Hospice Leaders Question Value of Medicare Advantage Hospice Carve-In

Leaders from hospice organizations raised concerns about the forthcoming demonstration of a Medicare Advantage carve-in for hospice. The hospice executives spoke at the National Home Care & Hospice Association’s (NAHC) Financial Management Conference in Chicago.

The U.S. Centers for Medicare & Medicaid Services (CMS) earlier this year announced that it would test coverage of hospice care through Medicare Advantage plans beginning in 2021. The carve-in, according to CMS, is intended to increase access to hospice services and facilitate better coordination between patients’ hospice providers and their other clinicians. Reactions to the carve-in demo have been mixed, with many lauding the CMS action and others expressing concern.

“We have asked CMS, ‘What is the problem you are trying to solve, and what are the improvements that you are trying to make?’ And we get mixed answers,” NAHC President William Dombi said. “We suspect the problem includes patients not getting into hospice at the right time. Too many patients come into hospice in the last days of life. And maybe too many people come in for too long a period of time. Determining a prognosis is very difficult, but will putting this in Medicare Advantage solve that? No it won’t.”


Dombi said that NAHC’s position on the carve-in is one of “unqualified opposition,” but he said the industry advocacy group would work with CMS to identify problem areas within the current benefit and seek improvements.  

Medicare Advantage plans are offered by private insurance companies approved by CMS, and include HMO, PPO, and fee-for-service plans among other options. The program represents an integrated care model that is designed to promote coordination of services and provides incentives for quality and patient satisfaction.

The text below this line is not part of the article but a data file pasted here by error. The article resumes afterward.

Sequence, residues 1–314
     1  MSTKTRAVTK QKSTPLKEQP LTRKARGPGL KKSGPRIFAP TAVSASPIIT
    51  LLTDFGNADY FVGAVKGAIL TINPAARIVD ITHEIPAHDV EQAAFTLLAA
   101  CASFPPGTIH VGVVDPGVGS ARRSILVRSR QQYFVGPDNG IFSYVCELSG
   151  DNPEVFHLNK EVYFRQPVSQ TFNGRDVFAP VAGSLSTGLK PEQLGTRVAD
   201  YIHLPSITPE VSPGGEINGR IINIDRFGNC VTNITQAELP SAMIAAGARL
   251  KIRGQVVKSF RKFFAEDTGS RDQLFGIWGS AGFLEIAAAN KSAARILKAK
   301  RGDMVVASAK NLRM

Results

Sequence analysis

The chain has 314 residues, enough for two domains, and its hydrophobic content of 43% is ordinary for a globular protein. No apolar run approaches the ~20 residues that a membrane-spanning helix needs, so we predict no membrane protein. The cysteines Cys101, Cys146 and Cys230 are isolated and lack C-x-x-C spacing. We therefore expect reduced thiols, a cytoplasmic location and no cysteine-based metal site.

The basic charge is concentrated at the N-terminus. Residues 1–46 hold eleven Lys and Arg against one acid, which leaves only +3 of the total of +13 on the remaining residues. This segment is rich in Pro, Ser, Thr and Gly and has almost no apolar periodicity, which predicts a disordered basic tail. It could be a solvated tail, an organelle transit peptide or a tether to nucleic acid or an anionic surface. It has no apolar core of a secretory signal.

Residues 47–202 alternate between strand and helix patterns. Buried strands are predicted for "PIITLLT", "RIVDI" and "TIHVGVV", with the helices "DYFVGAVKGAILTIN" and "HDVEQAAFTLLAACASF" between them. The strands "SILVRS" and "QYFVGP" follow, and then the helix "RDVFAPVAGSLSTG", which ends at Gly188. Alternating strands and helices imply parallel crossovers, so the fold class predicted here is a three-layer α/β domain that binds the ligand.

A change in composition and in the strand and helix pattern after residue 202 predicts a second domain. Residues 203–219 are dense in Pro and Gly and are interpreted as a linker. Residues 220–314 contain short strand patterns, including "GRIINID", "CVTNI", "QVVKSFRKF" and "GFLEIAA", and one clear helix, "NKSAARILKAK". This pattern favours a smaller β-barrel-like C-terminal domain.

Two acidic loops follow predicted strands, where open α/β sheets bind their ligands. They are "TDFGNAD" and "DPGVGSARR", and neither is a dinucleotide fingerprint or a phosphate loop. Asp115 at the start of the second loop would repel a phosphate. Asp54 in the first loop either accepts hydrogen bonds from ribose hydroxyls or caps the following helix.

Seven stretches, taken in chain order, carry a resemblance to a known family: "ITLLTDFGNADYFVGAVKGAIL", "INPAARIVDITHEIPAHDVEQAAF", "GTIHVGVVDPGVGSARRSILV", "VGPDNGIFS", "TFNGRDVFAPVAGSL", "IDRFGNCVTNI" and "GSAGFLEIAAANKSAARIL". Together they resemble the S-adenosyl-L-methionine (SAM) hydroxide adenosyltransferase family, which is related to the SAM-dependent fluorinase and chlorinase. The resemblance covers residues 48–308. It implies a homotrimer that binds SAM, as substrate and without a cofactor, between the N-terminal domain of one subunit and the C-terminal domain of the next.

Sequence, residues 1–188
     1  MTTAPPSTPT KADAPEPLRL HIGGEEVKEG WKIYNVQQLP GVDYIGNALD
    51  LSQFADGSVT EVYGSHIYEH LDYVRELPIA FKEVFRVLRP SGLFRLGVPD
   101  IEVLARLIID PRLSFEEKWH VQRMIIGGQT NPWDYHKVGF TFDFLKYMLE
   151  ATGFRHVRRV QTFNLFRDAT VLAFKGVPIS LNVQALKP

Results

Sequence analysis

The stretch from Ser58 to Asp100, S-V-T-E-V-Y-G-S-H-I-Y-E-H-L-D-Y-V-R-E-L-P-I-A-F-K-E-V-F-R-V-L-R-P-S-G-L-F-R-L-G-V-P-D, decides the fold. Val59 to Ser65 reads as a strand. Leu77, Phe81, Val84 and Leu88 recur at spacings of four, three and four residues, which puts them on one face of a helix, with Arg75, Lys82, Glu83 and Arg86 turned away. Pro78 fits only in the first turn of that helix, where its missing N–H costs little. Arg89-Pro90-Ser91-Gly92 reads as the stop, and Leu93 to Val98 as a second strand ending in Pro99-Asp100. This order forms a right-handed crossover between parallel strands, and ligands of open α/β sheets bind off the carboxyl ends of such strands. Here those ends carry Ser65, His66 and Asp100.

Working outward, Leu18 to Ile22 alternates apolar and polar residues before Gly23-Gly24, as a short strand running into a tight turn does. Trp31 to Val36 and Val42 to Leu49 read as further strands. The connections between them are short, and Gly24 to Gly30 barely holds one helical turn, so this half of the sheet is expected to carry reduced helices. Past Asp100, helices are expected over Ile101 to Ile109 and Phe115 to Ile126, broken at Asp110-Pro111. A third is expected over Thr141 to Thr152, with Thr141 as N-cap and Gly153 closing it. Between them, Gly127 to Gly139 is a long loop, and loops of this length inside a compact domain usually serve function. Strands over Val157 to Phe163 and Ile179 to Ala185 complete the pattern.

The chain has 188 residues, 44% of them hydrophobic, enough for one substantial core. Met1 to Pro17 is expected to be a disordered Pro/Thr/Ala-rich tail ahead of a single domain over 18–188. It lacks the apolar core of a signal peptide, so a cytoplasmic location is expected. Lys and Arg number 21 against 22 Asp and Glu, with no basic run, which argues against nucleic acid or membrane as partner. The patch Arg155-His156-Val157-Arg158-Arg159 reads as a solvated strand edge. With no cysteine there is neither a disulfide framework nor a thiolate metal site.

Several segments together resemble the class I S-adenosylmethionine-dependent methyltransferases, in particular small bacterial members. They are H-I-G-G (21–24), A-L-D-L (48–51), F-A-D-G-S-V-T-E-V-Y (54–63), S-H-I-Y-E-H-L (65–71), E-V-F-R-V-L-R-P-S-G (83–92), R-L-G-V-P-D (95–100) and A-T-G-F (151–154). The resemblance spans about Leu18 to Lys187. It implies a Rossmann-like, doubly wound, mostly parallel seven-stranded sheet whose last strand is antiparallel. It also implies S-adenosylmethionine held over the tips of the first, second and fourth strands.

Some stakeholders have said that the experience of home health agencies under Medicare Advantage plans dampens their optimism regarding a hospice carve-in, citing burdensome prior authorization processes and the tendency among plans to negotiate for the lowest possible payment amounts.


“We have already seen this movie. We don’t like the plot. We don’t like the ending,” Bruce Greenstein, executive vice president and chief strategy officer for home health and hospice giant LHC Group (NASDAQ: LHCG), said during a Leadership Panel at the conference. “Medicare Advantage has not been nirvana. It has not been enlightenment. It’s intellectually inconsistent to have health plans that are responsible for the promotion of health and managing care to have better outcomes to then be in the business of managing the end of life. The opportunity to game the system is too prevalent. I am not comfortable with it at all.” 

CMS has released few details as to how the program will work, making it difficult for hospices to ready themselves. Some have speculated that a possible outcome is a transition to reimbursement based on patient visits rather than a per diem payment, similar to how home health care is reimbursed under Medicare Advantage. Some in the field suggest that hospices should begin studying how a transition to visit-based reimbursement could affect their financial performance. 

“Hospice is reimbursed on a per diem basis; whereas home care reimbursement is based on visits. If you want to compare the two models you need to look for the common denominator. So what’s the common denominator? It’s the visits,” James Summerfelt, president of the Nebraska Home Care Association, said at the conference. “If you start to think ahead and look at what are we going to have to do with managed Medicare in the hospice world, it’s likely that we could start to see reimbursement on a visit basis — which is a totally different model from what we are accustomed to. So we need to start now, start thinking about a time where we are reimbursed in a way that is similar to what is done with home care.” 

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